This is in sharp contrast to the genuine military agreement made with Qatar, where Turkey is building its first military base in the Gulf.

But Muhammed Zahid Gul, a political commentator and writer in various Arabic-language media, told MEE that the relationship is only going to strengthen.

He said he knows of 14 agreements in the pipeline between Riyadh and Ankara, many of which concern military investment.

“Many of these soon-to-be-signed agreements are about Saudis investing in Turkey’s military and armaments industry and getting Turkish-made military hardware in return. This does not violate any of Turkey’s NATO obligations,” he said.

According to Gul, while ideological differences may exist, current geo-political conditions have made them irrelevant.

“Due to the increasingly sectarian nature of conflicts in the region, Turkey and Saudi Arabia now simply have to see themselves as Sunni instead of wondering how Turkey can be more compatible with the Wahhabi Saudis,” Gul said.

“This applies to wider regional issues as well. For instance, there is no real ideological similarity between the Muslim Brotherhood and the majority of the Turkish leadership. So that shouldn’t affect things.” 

Both countries feel let down by their major ally, the US, in different areas. The Saudis fear they are being ignored as Iran grows in prominence and becomes increasingly aggressive in the region.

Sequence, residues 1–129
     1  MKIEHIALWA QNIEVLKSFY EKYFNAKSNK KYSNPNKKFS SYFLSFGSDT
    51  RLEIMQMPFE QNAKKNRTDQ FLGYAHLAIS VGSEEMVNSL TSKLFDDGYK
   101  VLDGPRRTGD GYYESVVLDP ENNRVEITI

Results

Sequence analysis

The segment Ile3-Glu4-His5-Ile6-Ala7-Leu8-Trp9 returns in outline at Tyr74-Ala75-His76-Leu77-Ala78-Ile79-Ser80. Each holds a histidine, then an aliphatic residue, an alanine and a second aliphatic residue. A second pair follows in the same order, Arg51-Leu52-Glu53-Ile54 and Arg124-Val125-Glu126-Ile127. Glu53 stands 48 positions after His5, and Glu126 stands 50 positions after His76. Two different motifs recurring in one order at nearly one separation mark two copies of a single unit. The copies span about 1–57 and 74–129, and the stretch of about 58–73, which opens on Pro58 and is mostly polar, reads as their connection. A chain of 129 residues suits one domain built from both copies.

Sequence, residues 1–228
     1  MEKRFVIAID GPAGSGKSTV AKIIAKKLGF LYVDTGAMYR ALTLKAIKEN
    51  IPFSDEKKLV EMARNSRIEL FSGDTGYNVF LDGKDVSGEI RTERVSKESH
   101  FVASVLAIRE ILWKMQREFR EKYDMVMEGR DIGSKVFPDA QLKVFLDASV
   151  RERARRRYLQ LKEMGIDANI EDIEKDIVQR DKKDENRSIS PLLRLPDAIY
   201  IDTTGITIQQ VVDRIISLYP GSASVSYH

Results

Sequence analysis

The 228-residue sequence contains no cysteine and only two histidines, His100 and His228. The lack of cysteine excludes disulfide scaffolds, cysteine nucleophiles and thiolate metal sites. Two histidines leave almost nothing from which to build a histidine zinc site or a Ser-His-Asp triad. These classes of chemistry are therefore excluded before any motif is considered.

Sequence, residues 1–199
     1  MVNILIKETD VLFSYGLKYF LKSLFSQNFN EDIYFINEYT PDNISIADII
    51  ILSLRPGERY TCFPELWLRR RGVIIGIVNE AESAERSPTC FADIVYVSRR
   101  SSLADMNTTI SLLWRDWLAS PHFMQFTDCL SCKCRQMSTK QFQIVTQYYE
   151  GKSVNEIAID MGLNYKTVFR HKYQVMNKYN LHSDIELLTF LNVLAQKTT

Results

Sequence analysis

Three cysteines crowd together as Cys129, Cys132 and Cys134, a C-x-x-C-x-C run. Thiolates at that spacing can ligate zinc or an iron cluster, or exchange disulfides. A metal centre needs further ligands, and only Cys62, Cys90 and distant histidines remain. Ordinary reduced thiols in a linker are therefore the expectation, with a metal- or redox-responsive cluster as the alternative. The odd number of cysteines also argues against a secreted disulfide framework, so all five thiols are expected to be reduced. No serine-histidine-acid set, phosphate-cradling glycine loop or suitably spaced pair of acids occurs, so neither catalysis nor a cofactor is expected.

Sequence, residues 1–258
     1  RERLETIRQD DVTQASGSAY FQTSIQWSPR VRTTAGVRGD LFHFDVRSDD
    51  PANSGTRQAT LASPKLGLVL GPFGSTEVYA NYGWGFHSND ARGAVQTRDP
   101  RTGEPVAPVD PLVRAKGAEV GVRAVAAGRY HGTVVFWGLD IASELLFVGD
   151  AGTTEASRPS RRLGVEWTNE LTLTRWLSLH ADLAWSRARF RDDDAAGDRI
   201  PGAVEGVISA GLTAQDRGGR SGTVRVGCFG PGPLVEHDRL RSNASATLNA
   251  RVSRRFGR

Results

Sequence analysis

The Turks, meanwhile, see the US as no longer a reliable partner, particularly over Syria and perceived US support for Kurdish factions there, which Turkey fears will cause further issues with its own Kurdish minority.

Turkey, like many countries in the West and elsewhere, is also keen to maintain optimal ties with resource-rich Riyadh, hoping to secure investment and capital.

Gul said that an accord made today to establish a strategic council of cabinet officials from the two countries meeting at regular intervals to smooth coordination “is a major step in firmly establishing this alliance”.

Still, for all the unifying gestures, there continue to be signs of tensions beneath the surface.

Another signal that Ankara may not be ready to fully align with the Saudi position came in January, when tensions flared over the Saudi execution of Shia cleric Nimr al-Nimr.

Although Erdogan had harsh words for Iran and sided with the Saudis, Turkey did not respond to further pressure from Riyadh. Unlike other Gulf states, he refused to withdraw Turkey’s ambassador from Tehran and maintained normal relations.   

The Saudis have also fallen flat in their attempts to reconcile Cairo and Ankara, which have been extremely frosty since Egypt's Saudi-backed president, Abdel Fattah al-Sisi, helped overthrow the democratically elected Muslim Brotherhood President Mohamed Morsi.

Egypt sent only its foreign minister, Sameh Shoukry, to the OIC summit in Istanbul and he did not participate in the traditional group photo, leaving the summit after reading Sisi’s message.

According to Eralp, Turkey’s policies in the Middle East have become so convoluted that they have begun to hurt the country’s image.

“Egypt represents just one Turkish foreign policy blunder. Turkey’s image has been so badly damaged that even such close ties with the Saudis no longer make it any worse.”